Political deadlock remains in Greece, with the main opposition leader refusing to take part in a government of national unity proposed by the Prime Minister George Papandreou.
The PM met the president on Saturday after narrowly winning a no confidence vote over his handling of the debt crisis.
He maintains that a national coalition should be formed at least until a vital EU bailout has been approved. However, the centre-right opposition is refusing. New Democracy leader Antonis Samaras insists that elections are the only way forward.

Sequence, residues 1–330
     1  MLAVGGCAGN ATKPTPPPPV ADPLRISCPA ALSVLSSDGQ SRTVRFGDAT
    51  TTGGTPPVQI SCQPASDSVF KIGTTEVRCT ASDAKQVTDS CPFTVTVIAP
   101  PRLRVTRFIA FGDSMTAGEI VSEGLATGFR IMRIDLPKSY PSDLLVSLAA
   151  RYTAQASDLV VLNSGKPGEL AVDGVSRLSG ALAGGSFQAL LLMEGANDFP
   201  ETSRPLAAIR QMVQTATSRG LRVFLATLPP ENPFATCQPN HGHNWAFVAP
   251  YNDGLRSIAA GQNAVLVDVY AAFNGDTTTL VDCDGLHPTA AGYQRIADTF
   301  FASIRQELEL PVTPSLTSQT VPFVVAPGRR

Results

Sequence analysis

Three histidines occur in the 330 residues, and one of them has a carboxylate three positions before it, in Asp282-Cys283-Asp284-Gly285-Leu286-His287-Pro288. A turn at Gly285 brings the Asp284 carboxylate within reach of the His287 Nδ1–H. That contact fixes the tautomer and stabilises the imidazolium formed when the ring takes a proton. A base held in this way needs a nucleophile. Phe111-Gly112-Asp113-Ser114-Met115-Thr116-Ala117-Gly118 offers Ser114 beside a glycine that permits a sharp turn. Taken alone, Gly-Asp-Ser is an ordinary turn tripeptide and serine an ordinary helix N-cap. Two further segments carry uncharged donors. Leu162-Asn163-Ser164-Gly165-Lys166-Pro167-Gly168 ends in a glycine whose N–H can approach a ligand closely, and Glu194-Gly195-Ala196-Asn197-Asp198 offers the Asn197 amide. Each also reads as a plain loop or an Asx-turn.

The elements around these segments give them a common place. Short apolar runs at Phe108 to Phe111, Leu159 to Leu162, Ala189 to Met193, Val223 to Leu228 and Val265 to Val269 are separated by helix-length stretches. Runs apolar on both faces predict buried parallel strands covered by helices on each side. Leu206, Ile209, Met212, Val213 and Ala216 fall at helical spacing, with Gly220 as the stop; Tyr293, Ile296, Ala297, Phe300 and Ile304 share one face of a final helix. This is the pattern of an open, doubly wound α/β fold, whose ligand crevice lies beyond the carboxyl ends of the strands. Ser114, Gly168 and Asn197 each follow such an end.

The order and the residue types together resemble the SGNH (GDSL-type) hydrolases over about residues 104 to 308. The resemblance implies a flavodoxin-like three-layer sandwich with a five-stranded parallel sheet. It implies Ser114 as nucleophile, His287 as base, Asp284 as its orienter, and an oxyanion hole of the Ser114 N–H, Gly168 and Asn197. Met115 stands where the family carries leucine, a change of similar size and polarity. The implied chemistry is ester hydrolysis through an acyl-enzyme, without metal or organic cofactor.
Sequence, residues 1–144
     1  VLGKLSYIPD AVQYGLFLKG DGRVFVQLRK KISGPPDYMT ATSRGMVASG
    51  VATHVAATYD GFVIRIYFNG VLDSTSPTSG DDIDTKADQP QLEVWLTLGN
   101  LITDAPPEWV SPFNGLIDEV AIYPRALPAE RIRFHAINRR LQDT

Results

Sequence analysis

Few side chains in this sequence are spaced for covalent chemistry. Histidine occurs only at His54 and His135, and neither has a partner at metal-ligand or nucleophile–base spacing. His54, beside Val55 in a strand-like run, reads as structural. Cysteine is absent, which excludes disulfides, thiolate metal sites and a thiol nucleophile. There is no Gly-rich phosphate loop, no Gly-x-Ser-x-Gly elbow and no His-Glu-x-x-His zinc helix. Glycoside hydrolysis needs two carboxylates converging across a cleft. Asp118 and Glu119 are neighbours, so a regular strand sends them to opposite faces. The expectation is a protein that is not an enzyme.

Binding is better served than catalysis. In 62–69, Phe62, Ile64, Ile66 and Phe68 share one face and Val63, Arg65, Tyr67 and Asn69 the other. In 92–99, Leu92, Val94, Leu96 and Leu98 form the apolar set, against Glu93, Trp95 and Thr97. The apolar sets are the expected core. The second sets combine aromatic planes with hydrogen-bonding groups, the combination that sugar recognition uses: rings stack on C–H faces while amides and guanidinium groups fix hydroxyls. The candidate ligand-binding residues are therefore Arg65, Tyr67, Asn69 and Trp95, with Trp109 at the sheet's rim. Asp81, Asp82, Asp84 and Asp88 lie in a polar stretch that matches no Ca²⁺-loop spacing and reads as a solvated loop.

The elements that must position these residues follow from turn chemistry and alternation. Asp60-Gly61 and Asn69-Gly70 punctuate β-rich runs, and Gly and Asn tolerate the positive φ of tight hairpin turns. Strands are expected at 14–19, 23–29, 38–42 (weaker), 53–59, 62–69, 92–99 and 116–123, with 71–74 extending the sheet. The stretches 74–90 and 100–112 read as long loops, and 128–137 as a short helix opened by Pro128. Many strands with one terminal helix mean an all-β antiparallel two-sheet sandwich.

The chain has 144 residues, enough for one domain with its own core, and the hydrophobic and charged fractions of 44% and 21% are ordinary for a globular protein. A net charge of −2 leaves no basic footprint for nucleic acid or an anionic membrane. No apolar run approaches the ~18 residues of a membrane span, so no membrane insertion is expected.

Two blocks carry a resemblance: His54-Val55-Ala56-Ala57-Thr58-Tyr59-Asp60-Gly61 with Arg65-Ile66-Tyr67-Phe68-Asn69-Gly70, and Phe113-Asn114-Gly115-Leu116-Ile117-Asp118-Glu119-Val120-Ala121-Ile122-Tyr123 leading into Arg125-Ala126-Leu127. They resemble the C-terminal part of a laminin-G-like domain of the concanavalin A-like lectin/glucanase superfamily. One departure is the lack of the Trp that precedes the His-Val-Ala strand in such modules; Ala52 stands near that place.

“We ask only one thing: to return to normality and elections, so we can stabilise the country, repair its images, and so we can get out of this nightmare as soon as possible.”
But at least one opinion poll puts the public on Papandreou’s side, with 52% in favour of a unity government and 36% preferring a snap general election.
Papandreou says elections at this stage would be dangerous for Greece. He also hinted to parliament that he would be willing to step down in the interests of forming a national unity coalition.
On Sunday he is due to meet the opposition leader for talks, but time is running out. Without the EU bailout money, Greece could go bankrupt by the end of the year.